In a rare case in Thailand's deep south, Pattani Provincial Court is proceeding with an in camera lèse majesté trial against a Malayu Muslim man, who is accused of putting up banners about the country's conflict with a picture of Her Majesty the Queen in 2009.
Closed-door lèse majesté trial in Pattani
Submitted on Thu, 2013-02-28 09:11
The defendant, who asked not to reveal his name, was arrested without charge under special laws in late August 2009. He claimed that he was hit by army officers and was threatened to force a confession to charges he wasn't aware of. After he confessed, the military later informed him that he was being investigated on a lèse majesté charge. Later the defendant was able to get bail with a 300,000 baht guarantee.
Some prosecution witnesses, such as forensic expert Dr. Pornthip Rojanasunand and former national police chief Priewpan Damapong, have already testified in the case, which began in December 2011.
On August 12, 2009, national Mother’s Day and HM the Queen’s birthday, a number of similar banners were put up in public areas, especially pedestrian bridges, in Pattani Province. However, the defendant was only charged over two banners, according to iLaw, an NGO which maintains a database on human rights cases.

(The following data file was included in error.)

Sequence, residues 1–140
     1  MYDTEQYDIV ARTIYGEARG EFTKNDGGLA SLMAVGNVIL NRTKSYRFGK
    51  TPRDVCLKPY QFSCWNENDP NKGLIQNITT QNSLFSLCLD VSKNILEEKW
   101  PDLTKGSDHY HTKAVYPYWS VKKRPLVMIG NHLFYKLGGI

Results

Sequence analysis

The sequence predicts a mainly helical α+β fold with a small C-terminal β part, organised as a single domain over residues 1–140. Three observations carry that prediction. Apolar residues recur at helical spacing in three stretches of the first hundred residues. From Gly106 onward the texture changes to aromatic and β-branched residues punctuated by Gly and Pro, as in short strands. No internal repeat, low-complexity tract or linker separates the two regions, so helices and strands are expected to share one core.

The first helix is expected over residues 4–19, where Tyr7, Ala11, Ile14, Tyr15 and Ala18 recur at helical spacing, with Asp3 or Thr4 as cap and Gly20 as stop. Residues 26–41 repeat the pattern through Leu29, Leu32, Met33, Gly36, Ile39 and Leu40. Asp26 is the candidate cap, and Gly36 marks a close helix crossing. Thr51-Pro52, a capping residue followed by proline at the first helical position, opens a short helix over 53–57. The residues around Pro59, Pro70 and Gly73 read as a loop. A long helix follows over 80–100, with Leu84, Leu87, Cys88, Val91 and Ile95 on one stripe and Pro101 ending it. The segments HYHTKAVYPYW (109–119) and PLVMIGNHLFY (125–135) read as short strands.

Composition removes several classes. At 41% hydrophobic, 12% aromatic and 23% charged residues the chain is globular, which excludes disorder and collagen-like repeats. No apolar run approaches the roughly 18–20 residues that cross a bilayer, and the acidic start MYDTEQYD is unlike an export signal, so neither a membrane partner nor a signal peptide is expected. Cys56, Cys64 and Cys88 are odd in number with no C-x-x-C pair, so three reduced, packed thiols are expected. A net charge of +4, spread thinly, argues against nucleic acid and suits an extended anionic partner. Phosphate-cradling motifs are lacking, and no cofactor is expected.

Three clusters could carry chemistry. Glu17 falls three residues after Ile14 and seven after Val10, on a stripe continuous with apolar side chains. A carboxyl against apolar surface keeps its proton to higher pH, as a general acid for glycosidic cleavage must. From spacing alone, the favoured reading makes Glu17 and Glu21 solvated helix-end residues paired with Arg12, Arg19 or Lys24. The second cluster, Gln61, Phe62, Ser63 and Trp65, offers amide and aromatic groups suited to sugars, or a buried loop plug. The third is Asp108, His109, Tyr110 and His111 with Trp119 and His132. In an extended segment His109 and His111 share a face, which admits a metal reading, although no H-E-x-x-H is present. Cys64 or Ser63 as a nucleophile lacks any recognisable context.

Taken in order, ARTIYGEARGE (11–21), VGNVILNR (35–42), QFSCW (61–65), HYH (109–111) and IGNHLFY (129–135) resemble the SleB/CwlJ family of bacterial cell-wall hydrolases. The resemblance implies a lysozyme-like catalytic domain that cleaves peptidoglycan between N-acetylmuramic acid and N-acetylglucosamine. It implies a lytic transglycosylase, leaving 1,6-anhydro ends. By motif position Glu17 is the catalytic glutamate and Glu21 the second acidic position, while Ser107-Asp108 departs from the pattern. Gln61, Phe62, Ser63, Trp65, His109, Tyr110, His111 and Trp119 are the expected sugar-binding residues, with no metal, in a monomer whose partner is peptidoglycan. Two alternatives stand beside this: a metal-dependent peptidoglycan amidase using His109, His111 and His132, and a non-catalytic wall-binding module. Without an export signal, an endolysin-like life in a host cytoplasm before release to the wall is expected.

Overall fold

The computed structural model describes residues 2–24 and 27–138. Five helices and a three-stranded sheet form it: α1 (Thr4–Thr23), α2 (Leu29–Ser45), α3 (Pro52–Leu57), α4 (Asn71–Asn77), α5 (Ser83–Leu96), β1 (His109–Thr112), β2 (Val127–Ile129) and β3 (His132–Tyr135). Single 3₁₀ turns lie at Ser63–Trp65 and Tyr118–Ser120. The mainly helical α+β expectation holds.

Prior to his arrest, the military summoned the defendant to testify in a security case. He gave DNA evidence, and was released shortly after.
According to the prosecutor, 109 witnesses will testify in the case.
Upcoming hearings will take place on February 28, March 1 and March 6, 2013.
The only previous in camera lèse majesté trial ever reported was that of Daranee Charnchoengsilpakul, or “Da Torpedo”, a red shirt activist who was sentenced to 15 years in 2009 for speeches made at protest rallies at Sanam Luang. The court gave national security as the reason for the closed-door.